Dr. Harvey G. Shulman, PhD, an expert in eyewitness behavior and accuracy, has highlighted flawed police procedures and other factors that increased the chances of false identification by the eyewitnesses who testified at Jeffrey Wogenstahl’s trial.
Shulman’s report is contained in a motion* that is now being considered by the Ohio Supreme Court. Significantly, he notes:
“In known cases of false conviction… it has been reported that mistaken eyewitness testimony was a major contributing factor in over 80% of cases.”
Shulman remarks that when witnesses Kathy Roth and Brian Noel saw a person whom they later identified as Jeff, their visibility was impeded by poor lighting and viewing angle and limited time; these factors, Shulman says, would have made it “extremely challenging to form a durable, detailed memory”.
The formal identification of Jeff by the witnesses also concerns Shulman. For instance, he observes that Noel apparently used a ‘best match’ strategy at the physical lineup where he identified Jeff (Noel said, “closest one out of that bunch, he’s the only one that fits that description all that much”). According to Shulman, such a ‘best match’ strategy is liable to lead to false identification.
Shulman finds Roth’s identification of Jeff in a photo array even more problematic. Roth failed to identify Jeff soon after the crime, and made only a tentative identification eleven months later, at which point the administrator unfairly presented a second picture of Jeff. This constituted “a suggestive single candidate display that would have been influenced by the immediately preceding photos”. Shulman concludes,
“[T]he photo of Wogenstahl may have been falsely identified because his appearance in the recent photo array made him seem familiar.”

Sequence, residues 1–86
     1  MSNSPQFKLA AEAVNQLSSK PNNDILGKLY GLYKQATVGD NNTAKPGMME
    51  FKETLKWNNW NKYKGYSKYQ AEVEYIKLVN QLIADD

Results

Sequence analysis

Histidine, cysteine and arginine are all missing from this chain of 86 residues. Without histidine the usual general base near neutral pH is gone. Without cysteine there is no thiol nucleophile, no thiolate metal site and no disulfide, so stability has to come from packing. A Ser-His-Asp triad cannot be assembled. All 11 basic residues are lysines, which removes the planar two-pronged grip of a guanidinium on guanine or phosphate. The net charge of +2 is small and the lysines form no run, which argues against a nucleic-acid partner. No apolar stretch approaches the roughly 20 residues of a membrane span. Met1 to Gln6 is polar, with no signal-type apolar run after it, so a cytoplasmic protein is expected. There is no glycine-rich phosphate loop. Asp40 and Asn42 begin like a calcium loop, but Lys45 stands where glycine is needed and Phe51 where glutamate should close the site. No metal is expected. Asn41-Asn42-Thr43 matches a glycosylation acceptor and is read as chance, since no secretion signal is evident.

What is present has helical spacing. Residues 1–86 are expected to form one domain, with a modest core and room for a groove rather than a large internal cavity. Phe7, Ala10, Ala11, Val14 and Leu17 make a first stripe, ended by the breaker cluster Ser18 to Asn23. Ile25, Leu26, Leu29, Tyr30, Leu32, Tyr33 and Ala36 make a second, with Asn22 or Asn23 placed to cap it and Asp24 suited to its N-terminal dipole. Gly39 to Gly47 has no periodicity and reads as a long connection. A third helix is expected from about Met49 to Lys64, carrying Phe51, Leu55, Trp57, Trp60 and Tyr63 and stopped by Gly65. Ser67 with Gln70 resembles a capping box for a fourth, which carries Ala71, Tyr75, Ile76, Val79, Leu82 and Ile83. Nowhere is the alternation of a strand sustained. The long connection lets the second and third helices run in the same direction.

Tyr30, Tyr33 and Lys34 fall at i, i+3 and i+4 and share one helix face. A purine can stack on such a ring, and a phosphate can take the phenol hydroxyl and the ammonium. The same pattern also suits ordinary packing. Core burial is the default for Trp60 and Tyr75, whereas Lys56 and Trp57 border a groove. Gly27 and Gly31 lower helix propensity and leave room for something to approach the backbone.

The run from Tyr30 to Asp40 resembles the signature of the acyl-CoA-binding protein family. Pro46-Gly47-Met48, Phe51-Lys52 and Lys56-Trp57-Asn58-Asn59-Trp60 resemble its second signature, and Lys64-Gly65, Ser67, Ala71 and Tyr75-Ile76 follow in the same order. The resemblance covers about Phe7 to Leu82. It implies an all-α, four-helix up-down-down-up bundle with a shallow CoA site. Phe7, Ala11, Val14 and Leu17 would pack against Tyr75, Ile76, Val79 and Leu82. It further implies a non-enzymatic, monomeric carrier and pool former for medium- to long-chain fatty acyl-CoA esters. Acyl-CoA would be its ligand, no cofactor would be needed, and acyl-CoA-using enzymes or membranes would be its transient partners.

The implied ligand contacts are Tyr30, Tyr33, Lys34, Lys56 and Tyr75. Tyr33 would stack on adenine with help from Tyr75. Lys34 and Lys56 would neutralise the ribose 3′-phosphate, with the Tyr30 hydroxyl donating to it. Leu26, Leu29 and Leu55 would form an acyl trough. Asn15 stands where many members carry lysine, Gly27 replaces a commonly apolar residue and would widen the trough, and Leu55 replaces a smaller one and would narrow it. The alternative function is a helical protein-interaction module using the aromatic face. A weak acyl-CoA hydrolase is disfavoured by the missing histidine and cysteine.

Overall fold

Shulman also states that eyewitnesses should be told that the perpetrator may not be present in a line-up. This procedure does not seem to have been followed in the case of eyewitness Vicky Mozena, who was told to circle the photo that she thought was “the gentleman that came in that night”.
Witnesses Mozena and Roth had both seen Jeff before they undertook the identification process (Mozena had seen him in her workplace before the crime date, and Roth saw him on TV soon after the crime). Shulman explains that prior encounters or media exposure can distort witnesses’ memory of what they saw around the time of the crime.
All three witnesses expressed their court testimony with confidence. Shulman points out that jurors tend to wrongly believe that confidence indicates accuracy; whereas, in fact, confidence is influenced by many factors that arise after the memory is formed. He adds that the courtroom scenario is biased against the defendant and socially coercive to the witness.
Shulman believes that if an expert on Eyewitness Identification had explained to the jury the potential for false identification in Jeff’s case, this might have altered the credence given by the jurors to the eyewitness testimony.
Yet again, this is compelling evidence for Jeff to be granted a new trial. We trust the court agrees.
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